BRUSSELS – Belgium on Monday restarted a reactor that was shut down at the weekend just three days after returning to service amid concern in neighboring countries over its nuclear safety.
Doel No. 1 reactor—- Belgium’s oldest — had been shuttered in February after four decades in operation, in line with a law calling for the country’s gradual exit from nuclear power.
It was restarted on Dec. 30 under a deal to extend its working life — and that of a companion reactor, Doel No. 2 — until 2025 to help cope with power shortages.
But a generator problem on Saturday triggered a shutdown at the plant, located near the Dutch border about 20 km (12 miles) from the port city of Antwerp.
“There was no safety risk,” a spokeswoman for the nuclear facility’s operator, Electrabel, told AFP.
It was restarted at 1000 GMT on Monday, a spokeswoman for the power plant told the Belga news agency.
Environmentalists, especially in neighboring Germany, which is phasing out nuclear power, have criticized extending the life of Belgium’s reactors, which they say are too old to be considered safe.
While the number of unplanned shutdowns at Belgian reactors has been no higher than average in recent years, Saturday’s stoppage at Doel No. 1 followed two similar interruptions.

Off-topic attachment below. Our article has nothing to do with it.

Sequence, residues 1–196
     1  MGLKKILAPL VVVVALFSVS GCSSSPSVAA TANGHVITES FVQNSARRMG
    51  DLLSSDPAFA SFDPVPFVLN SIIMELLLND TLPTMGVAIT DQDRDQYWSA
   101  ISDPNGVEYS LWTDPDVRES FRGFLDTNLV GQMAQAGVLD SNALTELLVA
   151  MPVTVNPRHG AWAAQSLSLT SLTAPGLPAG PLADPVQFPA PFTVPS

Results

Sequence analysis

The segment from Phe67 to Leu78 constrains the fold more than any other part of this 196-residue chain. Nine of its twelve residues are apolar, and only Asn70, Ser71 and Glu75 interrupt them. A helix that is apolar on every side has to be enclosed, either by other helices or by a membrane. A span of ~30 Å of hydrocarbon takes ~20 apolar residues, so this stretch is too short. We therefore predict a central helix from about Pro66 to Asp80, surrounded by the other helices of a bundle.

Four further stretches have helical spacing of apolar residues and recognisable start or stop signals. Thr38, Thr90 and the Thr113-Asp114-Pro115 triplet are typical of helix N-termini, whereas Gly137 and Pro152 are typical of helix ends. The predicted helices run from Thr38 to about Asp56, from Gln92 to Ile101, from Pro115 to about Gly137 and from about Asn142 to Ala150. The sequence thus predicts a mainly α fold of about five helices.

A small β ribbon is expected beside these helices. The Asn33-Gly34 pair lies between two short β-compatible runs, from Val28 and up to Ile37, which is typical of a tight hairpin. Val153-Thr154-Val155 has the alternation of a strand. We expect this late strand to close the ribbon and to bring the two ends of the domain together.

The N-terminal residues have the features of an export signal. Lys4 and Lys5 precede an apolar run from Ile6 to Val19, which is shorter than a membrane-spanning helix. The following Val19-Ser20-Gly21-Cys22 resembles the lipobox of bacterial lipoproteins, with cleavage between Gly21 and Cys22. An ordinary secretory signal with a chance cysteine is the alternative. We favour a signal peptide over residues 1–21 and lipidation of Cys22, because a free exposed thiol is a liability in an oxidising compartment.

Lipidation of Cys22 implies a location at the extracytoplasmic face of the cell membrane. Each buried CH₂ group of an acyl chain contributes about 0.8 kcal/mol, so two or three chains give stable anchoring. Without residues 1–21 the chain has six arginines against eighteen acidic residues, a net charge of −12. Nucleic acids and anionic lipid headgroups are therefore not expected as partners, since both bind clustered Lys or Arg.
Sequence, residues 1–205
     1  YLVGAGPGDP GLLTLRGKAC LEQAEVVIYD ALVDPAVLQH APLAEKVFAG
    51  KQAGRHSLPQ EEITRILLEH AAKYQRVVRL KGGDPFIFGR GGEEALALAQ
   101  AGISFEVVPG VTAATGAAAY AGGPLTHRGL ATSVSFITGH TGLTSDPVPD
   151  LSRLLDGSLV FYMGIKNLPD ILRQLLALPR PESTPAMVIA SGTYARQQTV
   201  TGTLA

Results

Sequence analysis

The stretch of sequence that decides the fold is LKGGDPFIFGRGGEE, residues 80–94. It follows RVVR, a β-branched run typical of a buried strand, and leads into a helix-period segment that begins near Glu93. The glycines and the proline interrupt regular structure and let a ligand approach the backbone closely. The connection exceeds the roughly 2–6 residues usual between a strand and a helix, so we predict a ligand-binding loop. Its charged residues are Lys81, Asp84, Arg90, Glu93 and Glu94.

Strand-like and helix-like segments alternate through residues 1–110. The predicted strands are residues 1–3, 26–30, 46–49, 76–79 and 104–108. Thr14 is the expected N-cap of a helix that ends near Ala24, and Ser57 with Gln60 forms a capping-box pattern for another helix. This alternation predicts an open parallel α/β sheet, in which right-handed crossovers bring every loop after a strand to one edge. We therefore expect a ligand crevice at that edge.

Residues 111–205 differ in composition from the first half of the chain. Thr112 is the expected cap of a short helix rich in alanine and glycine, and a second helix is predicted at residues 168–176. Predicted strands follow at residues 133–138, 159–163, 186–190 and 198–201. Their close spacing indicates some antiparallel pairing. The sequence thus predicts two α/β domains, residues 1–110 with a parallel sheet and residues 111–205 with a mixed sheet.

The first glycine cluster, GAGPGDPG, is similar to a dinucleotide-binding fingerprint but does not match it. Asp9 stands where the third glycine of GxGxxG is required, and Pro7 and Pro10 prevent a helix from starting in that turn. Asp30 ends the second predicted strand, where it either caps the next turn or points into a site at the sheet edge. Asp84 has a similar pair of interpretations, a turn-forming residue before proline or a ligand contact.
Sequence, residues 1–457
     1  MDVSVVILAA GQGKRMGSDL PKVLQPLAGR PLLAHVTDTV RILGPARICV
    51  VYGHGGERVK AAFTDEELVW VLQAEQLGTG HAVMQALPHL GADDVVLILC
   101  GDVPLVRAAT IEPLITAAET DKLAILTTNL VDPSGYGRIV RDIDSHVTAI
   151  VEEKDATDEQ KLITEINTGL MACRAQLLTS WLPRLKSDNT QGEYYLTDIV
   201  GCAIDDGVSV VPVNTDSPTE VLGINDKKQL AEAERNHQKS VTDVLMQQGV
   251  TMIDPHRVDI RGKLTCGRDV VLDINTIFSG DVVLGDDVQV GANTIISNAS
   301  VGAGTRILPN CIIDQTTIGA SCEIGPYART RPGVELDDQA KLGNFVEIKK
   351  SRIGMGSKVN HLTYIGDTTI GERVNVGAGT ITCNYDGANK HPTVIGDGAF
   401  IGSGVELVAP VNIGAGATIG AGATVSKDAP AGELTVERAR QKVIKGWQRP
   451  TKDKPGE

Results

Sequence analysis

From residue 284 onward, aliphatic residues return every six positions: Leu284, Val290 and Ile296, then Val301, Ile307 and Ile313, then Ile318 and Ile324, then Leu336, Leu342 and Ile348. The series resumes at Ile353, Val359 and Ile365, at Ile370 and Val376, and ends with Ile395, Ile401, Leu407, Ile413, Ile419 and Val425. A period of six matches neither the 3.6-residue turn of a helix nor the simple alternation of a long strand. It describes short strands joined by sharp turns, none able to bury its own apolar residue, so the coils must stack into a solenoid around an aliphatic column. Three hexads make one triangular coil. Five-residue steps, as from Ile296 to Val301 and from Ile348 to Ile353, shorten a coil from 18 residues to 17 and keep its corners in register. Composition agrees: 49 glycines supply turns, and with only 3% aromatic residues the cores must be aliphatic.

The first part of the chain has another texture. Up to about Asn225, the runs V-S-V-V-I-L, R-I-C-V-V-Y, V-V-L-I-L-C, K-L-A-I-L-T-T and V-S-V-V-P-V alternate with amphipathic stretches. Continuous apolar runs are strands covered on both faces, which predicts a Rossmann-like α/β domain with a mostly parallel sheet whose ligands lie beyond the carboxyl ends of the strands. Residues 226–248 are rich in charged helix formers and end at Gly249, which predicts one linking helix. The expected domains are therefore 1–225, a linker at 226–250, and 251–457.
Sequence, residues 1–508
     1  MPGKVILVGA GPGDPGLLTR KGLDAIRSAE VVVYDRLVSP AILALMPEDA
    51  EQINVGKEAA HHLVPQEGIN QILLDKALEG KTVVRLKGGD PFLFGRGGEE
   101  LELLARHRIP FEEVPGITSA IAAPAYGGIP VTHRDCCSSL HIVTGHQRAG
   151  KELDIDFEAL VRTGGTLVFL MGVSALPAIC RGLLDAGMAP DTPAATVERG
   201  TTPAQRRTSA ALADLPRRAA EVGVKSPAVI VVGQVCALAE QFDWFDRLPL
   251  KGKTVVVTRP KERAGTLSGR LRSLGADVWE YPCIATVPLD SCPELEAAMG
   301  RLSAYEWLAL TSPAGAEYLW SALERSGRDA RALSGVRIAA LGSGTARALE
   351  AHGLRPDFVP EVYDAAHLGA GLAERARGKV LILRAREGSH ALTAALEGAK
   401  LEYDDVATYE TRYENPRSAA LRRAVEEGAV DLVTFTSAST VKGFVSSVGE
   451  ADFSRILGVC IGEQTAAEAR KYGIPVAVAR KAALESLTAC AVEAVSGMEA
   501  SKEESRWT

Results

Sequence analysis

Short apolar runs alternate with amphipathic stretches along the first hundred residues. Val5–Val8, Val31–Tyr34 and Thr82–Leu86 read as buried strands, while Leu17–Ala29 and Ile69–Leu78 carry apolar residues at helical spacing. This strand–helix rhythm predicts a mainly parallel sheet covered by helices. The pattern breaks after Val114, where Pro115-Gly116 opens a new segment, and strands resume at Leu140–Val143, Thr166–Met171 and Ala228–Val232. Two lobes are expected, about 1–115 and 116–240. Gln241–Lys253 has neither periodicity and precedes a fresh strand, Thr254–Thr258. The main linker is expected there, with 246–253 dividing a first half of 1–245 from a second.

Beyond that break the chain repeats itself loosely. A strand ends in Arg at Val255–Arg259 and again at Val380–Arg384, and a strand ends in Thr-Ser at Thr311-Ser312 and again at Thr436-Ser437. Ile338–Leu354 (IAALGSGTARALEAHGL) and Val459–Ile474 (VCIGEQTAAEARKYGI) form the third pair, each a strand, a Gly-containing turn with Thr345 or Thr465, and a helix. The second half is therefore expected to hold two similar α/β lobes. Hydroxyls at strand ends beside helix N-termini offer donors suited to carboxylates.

The first was on Sept. 16 at the No. 1 reactor at Tihange, near the eastern city of Liege, which had been restarted after maintenance.
The second was Doel’s No. 3 reactor, which shut down on Christmas Day, four days after a restart.
Tihange No. 2 and Doel No. 3 reactors had been restarted following a two-year pause after microscopic cracks were discovered in the reactor vessels.
Neighboring countries have expressed concern despite assurances from experts that the facilities are safe.
Luxembourg’s sustainable development minister, Camille Gira, is set to meet with Belgian Interior Minister Jan Jambon over the nuclear issue on Jan. 18.
Dutch Environment and Infrastructure Minister Melanie Schultz will visit Doel with Jambon for a joint inspection on Jan. 20.